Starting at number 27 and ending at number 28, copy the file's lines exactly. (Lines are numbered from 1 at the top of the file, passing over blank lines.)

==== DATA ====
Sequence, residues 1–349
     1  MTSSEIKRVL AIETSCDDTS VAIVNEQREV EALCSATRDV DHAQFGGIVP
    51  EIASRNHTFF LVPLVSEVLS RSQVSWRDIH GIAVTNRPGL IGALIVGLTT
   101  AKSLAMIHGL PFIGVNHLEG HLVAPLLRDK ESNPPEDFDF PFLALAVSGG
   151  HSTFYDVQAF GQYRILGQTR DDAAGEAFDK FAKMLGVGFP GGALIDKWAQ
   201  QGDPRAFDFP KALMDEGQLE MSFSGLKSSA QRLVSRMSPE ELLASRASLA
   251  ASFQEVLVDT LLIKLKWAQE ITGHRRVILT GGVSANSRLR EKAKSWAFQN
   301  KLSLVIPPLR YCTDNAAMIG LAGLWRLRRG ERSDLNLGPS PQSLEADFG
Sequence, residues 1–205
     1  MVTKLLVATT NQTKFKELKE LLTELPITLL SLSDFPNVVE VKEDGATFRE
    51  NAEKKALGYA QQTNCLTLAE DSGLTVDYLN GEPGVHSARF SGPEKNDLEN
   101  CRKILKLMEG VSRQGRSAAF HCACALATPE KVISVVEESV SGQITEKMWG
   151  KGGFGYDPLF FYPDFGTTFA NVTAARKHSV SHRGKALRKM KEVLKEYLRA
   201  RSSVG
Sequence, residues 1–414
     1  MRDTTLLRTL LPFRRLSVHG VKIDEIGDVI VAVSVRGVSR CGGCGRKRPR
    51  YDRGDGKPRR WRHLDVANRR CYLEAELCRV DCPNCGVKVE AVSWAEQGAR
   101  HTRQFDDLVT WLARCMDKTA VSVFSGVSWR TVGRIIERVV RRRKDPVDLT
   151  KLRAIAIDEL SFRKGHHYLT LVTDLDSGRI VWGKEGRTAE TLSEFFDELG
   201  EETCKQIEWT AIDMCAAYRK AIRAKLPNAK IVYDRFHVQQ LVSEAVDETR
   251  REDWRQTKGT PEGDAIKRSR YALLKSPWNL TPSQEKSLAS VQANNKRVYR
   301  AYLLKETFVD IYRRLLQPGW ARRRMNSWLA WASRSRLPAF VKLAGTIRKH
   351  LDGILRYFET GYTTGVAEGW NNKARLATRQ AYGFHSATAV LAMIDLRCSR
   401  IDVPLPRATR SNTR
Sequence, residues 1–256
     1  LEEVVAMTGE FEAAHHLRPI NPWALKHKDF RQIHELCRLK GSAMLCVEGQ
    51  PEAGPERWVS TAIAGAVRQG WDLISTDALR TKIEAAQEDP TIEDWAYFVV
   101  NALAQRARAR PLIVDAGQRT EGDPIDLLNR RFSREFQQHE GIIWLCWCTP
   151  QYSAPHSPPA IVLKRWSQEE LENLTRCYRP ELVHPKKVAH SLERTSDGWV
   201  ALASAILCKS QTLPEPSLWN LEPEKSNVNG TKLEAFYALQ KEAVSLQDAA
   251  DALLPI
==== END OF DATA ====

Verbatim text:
    51  PEAGPERWVS TAIAGAVRQG WDLISTDALR TKIEAAQEDP TIEDWAYFVV
   101  NALAQRARAR PLIVDAGQRT EGDPIDLLNR RFSREFQQHE GIIWLCWCTP